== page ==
There is always something about coming back to where you you grew up. I feel that I grew up in the stands of Scandinavium watching Frölunda when I was a kid. As such, the one thing I try to do when I go home for Christmas is get out for a game.
Scandinavium is, like the Bell Centre, located more or less in the middle of the city. It is part of the Entertainment Park as the Gothenburg Council wants to name it, with the funfair Liseberg, and the football stadiums of Old and New Ullevi. A few different tram lines have nearby stops for easy access to the entire city.
Frölunda hasn't always been at the level it is today. They are now one of the top teams in Sweden but during my introduction to hockey, I suffered through quite a few disappointing seasons with Frölunda in what is today known as Allsvenskan. The end of every season came with a failed attempt to the top division. When Frölunda finally got promoted to the Elitserien in 1989, it was John Newberry, a former Canadien who helped carried the team.
Frölunda has fostered NHL players such as Calle Johansson (Capitals), Daniel Alfredsson and Erik Karlsson (Senators), and the undisputed fan favourite Henrik Lundqvist (New York Rangers) to name a few. Recent players now playing in the NHL are John Klingberg and Mattias Janmark for the Dallas Stars. Currently playing for the team are prospects like Artturi Lehkonen (Canadiens), Andreas Johnson (Leafs) and another of my own favourites Jacob Larsson (Ducks).
The Scandinavium arena is old, and Frölunda has bought the other arena located in the West End of Gothenburg, choosing to host the CHL games there, as it is smaller with steeper stands, much like the arena in Bratislava. It also has the development and training facilities, and has created a Campus Frölunda in order to make the best possible environment for developing players. Scandinavium's capacity is 12044, and a capacity night against a rival team or playoff game is something special.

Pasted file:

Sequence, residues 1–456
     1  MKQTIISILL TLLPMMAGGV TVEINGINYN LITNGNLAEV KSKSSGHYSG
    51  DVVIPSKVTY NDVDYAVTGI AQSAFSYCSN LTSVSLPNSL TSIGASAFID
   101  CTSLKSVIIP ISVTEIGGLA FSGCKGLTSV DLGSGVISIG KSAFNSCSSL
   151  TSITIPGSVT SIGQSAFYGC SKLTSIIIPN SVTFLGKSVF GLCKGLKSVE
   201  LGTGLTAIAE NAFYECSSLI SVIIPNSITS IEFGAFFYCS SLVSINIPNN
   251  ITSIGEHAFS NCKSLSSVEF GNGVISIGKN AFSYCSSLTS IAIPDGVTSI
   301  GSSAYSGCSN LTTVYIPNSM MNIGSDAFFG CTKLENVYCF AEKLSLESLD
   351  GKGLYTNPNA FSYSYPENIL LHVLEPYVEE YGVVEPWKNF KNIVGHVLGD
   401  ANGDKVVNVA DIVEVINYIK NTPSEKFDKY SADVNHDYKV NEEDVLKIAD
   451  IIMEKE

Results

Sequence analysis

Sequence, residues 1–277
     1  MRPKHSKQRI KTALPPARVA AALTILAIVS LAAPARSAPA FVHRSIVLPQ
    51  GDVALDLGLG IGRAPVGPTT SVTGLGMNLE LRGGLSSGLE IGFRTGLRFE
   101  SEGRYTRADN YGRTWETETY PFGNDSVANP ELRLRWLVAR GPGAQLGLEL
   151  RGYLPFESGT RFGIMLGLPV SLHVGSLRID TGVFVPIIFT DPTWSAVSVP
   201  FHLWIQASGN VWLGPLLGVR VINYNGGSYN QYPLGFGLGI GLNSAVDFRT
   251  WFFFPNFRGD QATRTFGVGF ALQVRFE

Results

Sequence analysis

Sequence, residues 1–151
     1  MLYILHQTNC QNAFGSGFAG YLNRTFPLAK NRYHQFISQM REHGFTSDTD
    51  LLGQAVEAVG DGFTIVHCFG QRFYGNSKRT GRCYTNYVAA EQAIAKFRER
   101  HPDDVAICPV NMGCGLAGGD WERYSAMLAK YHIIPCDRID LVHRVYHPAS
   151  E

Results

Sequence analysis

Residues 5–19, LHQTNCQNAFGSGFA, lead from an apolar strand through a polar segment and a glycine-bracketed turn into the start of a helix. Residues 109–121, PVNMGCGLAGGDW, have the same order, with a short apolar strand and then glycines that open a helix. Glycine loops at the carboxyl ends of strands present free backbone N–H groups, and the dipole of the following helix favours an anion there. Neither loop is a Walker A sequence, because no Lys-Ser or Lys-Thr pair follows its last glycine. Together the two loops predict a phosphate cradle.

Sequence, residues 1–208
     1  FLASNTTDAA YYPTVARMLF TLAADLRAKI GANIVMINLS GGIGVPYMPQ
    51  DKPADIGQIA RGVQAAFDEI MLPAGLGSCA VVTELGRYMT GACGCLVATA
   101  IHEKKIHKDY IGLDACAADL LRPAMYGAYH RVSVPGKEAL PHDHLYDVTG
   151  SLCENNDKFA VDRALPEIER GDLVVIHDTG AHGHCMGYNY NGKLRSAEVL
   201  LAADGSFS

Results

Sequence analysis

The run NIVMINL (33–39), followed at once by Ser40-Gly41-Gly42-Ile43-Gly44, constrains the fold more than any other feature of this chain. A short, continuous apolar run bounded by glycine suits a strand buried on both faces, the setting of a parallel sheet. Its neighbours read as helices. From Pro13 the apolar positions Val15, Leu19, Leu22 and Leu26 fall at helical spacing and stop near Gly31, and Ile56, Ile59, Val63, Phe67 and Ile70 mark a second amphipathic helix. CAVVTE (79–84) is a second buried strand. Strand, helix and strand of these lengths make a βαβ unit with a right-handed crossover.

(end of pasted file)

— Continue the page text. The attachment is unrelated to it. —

Pre-game the spotlights are on the two fan sections, letting them drive up the crowd before the entrance of the teams. While things have changed I still look for memories; a special flag that used to be cross ice from "our" seats, AC/DC's "Thunderstruck" as entrance music, and the players of old.
Frölunda has come a long way, seeking inspiration from the NHL, and trying to promote itself (and succeeding) as one of the premier clubs outside of North America. Developing talent and having them play early attracts fans to the team, as you get to see them longer before the NHL departure. It also leads to young players actively wanting to join the ranks of the Gothenburg team for later success in their career.
NHL teams seem to enjoy the approach by Frölunda, with the Leafs lending Johnson back to them for a season to develop further. Lehkonen might have the same deal next season, and maybe Jacob Larsson and Anaheim will go that route as well.
The particular game I attended should have been over in the second period, when Lehkonen scored off an intercepted pass, but Malmö came back and took the game to a shootout. This gave important point in the relegation zone for Malmö, and I can't help but think that Frölunda was suffering from an intense training period over the Christmas break.
Frölunda won the shootout, and the crowd was able to go home satisfied, still part of the top two teams in the table. Lehkonen was named the second star of the game, and also made himself available for autographs and photos in the "Fan Corner" after the game (two players are there after every home game). Frölunda works with the fans to be approachable and open to generate an interest for both old and new fans.
Gothenburg is a city built around the port, and while the University has taken over as one of the main places for work, the city is also known for the music that is being produced here. This, as well as the sports teams generating interest in the city; football and handball being the other strong sports.
A trip to Gothenburg will always be home for me, but for a visitor it can be a good way to experience the top level of the SHL, and European hockey in general.